Rory Power

I loved interviewing Rory Power last year about her debut novel, WILDER GIRLS. Her second novel, BURN OUR BODIES DOWN debuted yesterday, July 7, 2020 and it promises a gritty and haunting read:


Ever since Margot was born, it’s been just her and her mother. No answers to Margot’s questions about what came before. No history to hold on to. No relative to speak of. Just the two of them, stuck in their run-down apartment, struggling to get along.

But that’s not enough for Margot. She wants family. She wants a past. And she just found the key she needs to get it: A photograph, pointing her to a town called Phalene. Pointing her home. Only, when Margot gets there, it’s not what she bargained for.

Margot’s mother left for a reason. But was it to hide her past? Or was it to protect Margot from what’s still there?

The only thing Margot knows for sure is there’s poison in their family tree, and their roots are dug so deeply into Phalene that now that she’s there, she might never escape.


In our last interview, you described BURN OUR BODIES DOWN as follows: “In general there’s a lot of corn, a lot of family drama, and, like WILDER GIRLS, some weird science thrown in for fun.” Without giving away spoilers, what, if anything, has changed with the story since then?

BURN OUR BODIES DOWN is much the same in its final form as it was then, at the core! The structure of it has changed, and many times – at one point I added a whole second point of view character, who was then removed – but the heart of the book is still a family drama, focused on three generations of women in one family and the damage they do to each other.


Interesting about that second point of view character! I’m also intrigued by Margot’s relationship with her mother. What helped you make this relationship the most authentic it could possibly be?

Margot’s relationship with her mother is complicated and fraught, and to build it, I drew from my own personal experience. I’m very close with my own mother now, but growing up for me looked a lot like it does for Margot (sans the corn). It was important to me to use that experience to make Margot’s story as fully developed as possible, but to not be so wedded to my own story that I couldn’t change whatever I needed to in order to make Margot’s relationship work for the book.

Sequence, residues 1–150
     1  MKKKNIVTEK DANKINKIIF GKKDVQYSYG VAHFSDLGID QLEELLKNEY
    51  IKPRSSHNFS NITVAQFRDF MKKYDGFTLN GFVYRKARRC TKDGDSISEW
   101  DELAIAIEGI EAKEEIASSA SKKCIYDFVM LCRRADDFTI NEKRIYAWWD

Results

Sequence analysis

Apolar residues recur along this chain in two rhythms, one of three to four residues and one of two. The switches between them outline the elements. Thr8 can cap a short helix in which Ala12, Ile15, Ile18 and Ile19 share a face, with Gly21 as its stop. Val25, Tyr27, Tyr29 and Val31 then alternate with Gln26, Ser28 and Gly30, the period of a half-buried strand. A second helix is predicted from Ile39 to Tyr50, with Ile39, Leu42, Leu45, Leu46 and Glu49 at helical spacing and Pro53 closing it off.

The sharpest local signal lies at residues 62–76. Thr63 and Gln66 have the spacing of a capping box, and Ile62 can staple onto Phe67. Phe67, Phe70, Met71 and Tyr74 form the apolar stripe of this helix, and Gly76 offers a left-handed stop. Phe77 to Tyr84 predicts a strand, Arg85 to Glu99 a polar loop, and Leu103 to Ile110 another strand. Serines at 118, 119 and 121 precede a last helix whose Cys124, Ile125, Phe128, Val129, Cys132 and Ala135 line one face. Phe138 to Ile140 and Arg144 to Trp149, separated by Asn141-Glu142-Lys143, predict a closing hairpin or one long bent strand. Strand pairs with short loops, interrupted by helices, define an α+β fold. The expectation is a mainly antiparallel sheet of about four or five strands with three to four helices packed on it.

Sounds like a great way to harness character development. We’ve also discussed voice in relation to rhythm. What are some indicators that help you determine whether the pacing is right or not?

I think pacing is different for every book, so it’s hard for me to pick out identifiers that work across projects, but the thing that’s usually consistent for me on a larger scale is looking at the halfway mark and seeing what events in the book are falling there. That’s a point at which I want things to be changing drastically for the main character. On a scene level, I try not to think about it too hard, and just trust my gut, for better or worse.


That’s probably better! What are three other books, besides yours, that your readers would enjoy and why?

CATHERINE HOUSE, by Elisabeth Thomas, has a beautifully dreamy atmosphere that I adored. ALL THE BIRDS, SINGING by Evie Wyld is a mystery with an incredible voice and a slow, creeping sense of dread that leaves you unsettled to the end. And I also loved this year’s THE DECK OF OMENS by Christine Lynn Herman, the sequel to last year’s THE DEVOURING GRAY, which features a remarkably well crafted teen cast grappling with their family legacy.


Buy: ~ Book Passage ~ Amazon ~ Barnes and Noble ~ Indiebound



Buy: Bookshop.orgBook Passage ~ Amazon ~ Barnes and Noble ~ Indiebound

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